Posts Tagged ‘marriage’


Marry those among you who are single, or the virtuous ones among yourselves, male or female: if they are in poverty, Allah will give them means out of His grace: for Allah encompasseth all, and he knoweth all things. (24:32)

Islam and polygamy

Islam did not completely do away with polygamy, although it did do so as far as polyandry was concerned. Instead, it limited and restricted it. It abolished its non- restrictedness and confined it to a maximum of four wives.

Islam, moreover, laid down conditions and restrictions, and did not allow everybody, to have several wives. We shall comment upon those limits and restrictions in the coming sections, and shall likewise throw light upon the reasons why Islam did not absolutely abolish polygyny.

It is strange that in the Middle-ages, among all the propaganda that was carried out against Islam, it was alleged that it was the Prophet of Islam who introduced polygyny into the world for the first time, and it was claimed that the foundation of Islam lay in polygyny. It was asserted that the cause of the speedy conversion to Islam among the various nations and peoples of the world is the permissibility of polygyny, and it was also given to be understood that the prime cause of the decline of the east was again polygyny.

In the first volume of his The story of Civilization Will Durant writes: Medieval theologians thought that Mohammed had invented polygamy, but it antedated Islam by some years, being the prevailing mode of marriage in the primitive world. Many causes conspired to make it general. In early society, because of hunting and war, the life of the male is more violent and dangerous, and the death rate of men is higher than that of women. The consequent excess of women compels a choice between polygamy and the barren celibacy of a minority of women; but such celibacy is intolerable to peoples who require a high birth rate to make up for a high death rate, and who therefore scorn the mateless and childless woman.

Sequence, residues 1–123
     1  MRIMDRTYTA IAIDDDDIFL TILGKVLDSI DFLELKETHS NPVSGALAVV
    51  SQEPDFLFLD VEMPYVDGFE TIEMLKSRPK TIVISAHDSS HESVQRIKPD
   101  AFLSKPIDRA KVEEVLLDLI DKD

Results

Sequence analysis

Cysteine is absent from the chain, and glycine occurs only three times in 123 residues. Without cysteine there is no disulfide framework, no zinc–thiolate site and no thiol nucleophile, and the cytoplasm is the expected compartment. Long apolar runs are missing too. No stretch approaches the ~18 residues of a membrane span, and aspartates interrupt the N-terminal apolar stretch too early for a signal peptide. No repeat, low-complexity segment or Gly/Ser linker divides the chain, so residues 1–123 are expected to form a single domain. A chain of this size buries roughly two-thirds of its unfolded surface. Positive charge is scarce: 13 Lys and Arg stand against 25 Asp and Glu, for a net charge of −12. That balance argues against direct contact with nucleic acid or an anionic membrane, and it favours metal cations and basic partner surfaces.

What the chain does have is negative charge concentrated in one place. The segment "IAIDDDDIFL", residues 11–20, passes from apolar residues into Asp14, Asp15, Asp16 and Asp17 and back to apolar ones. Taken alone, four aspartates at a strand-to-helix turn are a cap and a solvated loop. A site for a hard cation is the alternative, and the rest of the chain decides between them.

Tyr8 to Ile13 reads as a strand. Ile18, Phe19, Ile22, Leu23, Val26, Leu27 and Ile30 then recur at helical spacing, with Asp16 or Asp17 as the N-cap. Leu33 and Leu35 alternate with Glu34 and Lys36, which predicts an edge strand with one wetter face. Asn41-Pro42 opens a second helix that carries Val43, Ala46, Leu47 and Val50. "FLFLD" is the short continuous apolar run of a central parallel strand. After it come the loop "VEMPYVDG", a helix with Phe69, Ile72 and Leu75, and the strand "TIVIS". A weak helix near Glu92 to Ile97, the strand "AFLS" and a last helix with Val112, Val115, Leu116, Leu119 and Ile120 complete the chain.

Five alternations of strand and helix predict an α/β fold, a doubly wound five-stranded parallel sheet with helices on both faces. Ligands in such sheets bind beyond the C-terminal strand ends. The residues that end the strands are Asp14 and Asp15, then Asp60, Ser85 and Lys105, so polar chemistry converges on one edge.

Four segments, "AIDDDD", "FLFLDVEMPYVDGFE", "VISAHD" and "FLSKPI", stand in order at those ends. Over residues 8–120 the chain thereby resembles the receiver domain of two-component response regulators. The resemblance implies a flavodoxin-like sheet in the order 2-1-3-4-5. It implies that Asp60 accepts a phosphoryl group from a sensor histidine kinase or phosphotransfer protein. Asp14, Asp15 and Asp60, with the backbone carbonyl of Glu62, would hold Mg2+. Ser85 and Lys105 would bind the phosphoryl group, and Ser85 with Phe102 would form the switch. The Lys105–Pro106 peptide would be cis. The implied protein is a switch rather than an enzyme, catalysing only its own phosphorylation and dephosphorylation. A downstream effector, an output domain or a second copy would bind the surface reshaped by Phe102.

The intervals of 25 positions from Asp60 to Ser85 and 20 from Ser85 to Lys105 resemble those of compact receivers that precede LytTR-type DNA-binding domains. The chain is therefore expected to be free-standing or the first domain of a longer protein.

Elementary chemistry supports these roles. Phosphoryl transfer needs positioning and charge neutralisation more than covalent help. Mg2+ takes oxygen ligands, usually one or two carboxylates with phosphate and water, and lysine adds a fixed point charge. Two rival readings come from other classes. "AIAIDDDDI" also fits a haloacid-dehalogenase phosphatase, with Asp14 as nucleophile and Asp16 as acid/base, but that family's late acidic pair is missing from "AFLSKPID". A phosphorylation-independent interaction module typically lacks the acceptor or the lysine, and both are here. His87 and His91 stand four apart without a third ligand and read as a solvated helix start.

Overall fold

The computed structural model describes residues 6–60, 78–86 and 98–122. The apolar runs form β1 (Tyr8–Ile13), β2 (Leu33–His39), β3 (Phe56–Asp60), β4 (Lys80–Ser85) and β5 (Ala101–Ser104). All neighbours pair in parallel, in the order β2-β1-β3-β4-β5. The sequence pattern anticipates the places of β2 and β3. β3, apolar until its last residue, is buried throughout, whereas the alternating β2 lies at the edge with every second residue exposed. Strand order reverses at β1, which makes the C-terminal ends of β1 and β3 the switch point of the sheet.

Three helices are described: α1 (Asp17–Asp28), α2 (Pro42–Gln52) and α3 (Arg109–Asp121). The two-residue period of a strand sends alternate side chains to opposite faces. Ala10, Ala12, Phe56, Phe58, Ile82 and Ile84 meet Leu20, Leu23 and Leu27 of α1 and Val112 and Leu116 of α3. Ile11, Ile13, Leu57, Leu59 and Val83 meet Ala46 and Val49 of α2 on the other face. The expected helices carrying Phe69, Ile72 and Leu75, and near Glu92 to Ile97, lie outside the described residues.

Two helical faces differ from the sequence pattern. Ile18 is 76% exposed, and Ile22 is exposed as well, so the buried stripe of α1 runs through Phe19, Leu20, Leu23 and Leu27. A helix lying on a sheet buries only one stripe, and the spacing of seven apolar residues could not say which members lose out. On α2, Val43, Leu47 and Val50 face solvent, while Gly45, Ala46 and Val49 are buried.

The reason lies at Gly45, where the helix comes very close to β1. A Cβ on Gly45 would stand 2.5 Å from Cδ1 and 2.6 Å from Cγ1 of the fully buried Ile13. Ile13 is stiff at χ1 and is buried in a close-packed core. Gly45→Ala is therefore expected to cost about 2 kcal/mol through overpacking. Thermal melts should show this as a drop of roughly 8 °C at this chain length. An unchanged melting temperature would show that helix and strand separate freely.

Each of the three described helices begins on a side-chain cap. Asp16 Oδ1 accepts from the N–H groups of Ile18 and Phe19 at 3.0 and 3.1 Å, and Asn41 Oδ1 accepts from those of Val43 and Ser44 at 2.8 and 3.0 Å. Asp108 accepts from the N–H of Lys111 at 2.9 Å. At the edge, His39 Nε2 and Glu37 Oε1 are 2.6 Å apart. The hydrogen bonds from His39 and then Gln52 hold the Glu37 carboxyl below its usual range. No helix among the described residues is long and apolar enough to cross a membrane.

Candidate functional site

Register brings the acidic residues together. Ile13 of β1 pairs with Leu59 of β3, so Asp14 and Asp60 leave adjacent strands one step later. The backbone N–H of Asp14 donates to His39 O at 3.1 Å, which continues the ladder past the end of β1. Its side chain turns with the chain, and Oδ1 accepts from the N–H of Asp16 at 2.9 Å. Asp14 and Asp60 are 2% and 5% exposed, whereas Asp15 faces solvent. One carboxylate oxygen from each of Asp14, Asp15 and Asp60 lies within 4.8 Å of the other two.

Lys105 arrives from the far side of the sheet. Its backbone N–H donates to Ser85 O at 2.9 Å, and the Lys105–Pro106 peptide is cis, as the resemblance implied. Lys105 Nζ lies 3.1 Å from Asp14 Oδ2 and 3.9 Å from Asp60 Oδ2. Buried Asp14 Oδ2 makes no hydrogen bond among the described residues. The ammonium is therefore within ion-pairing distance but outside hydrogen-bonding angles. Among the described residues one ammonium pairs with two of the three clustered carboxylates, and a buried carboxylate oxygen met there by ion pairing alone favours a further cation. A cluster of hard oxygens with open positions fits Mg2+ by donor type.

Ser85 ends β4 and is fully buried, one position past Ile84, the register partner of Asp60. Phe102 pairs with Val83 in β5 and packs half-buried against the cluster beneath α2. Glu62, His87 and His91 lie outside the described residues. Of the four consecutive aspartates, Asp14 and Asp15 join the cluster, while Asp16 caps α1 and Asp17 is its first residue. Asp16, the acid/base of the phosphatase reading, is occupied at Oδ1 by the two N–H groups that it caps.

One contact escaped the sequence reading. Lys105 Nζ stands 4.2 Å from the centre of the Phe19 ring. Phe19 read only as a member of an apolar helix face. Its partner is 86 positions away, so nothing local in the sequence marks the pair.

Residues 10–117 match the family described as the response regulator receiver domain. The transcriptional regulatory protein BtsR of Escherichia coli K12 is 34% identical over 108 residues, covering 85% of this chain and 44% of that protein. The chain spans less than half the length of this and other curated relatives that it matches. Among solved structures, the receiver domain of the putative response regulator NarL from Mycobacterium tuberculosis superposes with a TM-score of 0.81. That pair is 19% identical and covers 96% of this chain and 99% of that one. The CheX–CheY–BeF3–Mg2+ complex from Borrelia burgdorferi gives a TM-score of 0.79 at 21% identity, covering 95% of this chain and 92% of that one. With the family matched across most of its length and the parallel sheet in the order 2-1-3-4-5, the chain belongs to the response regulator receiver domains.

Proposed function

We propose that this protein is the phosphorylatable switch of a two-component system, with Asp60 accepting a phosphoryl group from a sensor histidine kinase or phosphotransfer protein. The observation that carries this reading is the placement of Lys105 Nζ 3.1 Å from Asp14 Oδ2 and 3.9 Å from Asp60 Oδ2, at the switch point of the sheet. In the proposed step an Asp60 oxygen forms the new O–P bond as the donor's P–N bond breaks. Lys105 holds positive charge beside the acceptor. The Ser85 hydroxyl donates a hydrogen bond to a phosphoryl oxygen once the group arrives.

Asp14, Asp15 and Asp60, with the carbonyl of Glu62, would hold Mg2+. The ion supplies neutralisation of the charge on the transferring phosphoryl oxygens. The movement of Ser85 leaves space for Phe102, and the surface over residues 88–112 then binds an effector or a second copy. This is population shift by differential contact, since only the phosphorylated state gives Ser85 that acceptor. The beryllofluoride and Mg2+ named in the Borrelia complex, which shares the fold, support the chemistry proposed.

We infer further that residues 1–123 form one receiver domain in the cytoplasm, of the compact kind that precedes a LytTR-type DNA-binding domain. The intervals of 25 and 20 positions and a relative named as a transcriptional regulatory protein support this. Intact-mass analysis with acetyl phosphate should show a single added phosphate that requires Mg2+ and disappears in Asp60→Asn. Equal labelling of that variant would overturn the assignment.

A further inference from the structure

“Doubtless polygamy was well adapted to the marital needs of a primitive society in which women outnumbered men. It had a eugenic value superior to that of contemporary monogamy; for whereas in modern society the most able and prudent men may marry latest and have least children, under polygamy the most able men, presumably, secured the best mates and had most children. Hence polygamy has survived among practically all mature peoples, even among the majority of civilized mankind; only in our day has it begun to die in the Orient. Certain conditions, however, militated against it. The decrease in danger and violence, consequent upon a settled agricultural life, brought the sexes towards an approximate numerical equality; and under these circumstances open polygamy, even in primitive societies, became the privilege of the prosperous minority. The mass of the people practised a monogamy tempered with adultery, while another minority of willing or regretful celibates, balanced the polygamy of the rich.”

In La Civilization des Arabes, Gustave Le Bon [4] writes: There is no custom more despised and on which more erroneous ideas have been pronounced than polygamy. For the most serious of historians, polygamy has been the corner-stone of Islamism, the principle cause of the spread of the Koran, and at the same time of the decadence of the Orientals. These peculiar assertions are generally followed by indignant tirades on the unfortunate lot of the miserable women confined to the far reaches of the harem, guarded by ferocious eunuchs, and killed without pity when they no longer please their master.

“Such a picture is the opposite of the truth, and the reader who wishes to read this chapter putting aside his European prejudices will, I hope, be convinced that oriental polygamy is an excellent institution which greatly raises the moral standard of the peoples who practise it, gives much stability to the family and, as a final result, renders the woman infinitely more respected and more happy than in Europe.

“Before embarking on the proof of this, I will recall, firstly, that polygamy is completely independent from Islamism, for it existed before Mahomet among all the peoples of the East: the Jews, the Persians, the Arabs, etc. Those nations who adopted the Koran, therefore, had nothing to gain on this score by adopting polygamy. There has never been a religion, anyway, strong enough to transform traditions to the point of creating or preventing a similar institution. It is simply the consequence of the climate, of race and the various conditions of existence particular to the Orientals …………..

“In the West, where the climate and the temperament are however very much less demanding, monogamy is no longer to be found except in the law, and no one will contest, I think, that it is very rarely to be found in the behaviour of people. I cannot see in what way the legal polygamy of the Orientals is inferior to the hypocritical polygamy of the Occidentals; rather, I can, on the contrary, very well see in what way it is superior. One can therefore perfectly well understand how the Orientals who have visited our great cities find our indignation towards them to be most strange and judge it most unfavourably.” (pp. 421-2)

Truly, Islam did not initiate polygyny but limited its number, and at the same time laid down stringent conditions for it. Amongst most of the peoples and the communities which accepted Islam, this practice was customary, and under the commandments of Islam they had to comply with the limits and the conditions ordained by Islam.

Source